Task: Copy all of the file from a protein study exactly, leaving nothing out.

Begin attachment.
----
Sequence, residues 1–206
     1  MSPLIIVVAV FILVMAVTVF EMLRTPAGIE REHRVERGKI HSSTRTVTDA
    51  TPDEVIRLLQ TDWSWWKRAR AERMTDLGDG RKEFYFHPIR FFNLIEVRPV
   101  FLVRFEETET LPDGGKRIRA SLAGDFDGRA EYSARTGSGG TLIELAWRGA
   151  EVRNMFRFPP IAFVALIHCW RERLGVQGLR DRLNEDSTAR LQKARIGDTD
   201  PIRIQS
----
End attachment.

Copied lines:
Sequence, residues 1–206
     1  MSPLIIVVAV FILVMAVTVF EMLRTPAGIE REHRVERGKI HSSTRTVTDA
    51  TPDEVIRLLQ TDWSWWKRAR AERMTDLGDG RKEFYFHPIR FFNLIEVRPV
   101  FLVRFEETET LPDGGKRIRA SLAGDFDGRA EYSARTGSGG TLIELAWRGA
   151  EVRNMFRFPP IAFVALIHCW RERLGVQGLR DRLNEDSTAR LQKARIGDTD
   201  PIRIQS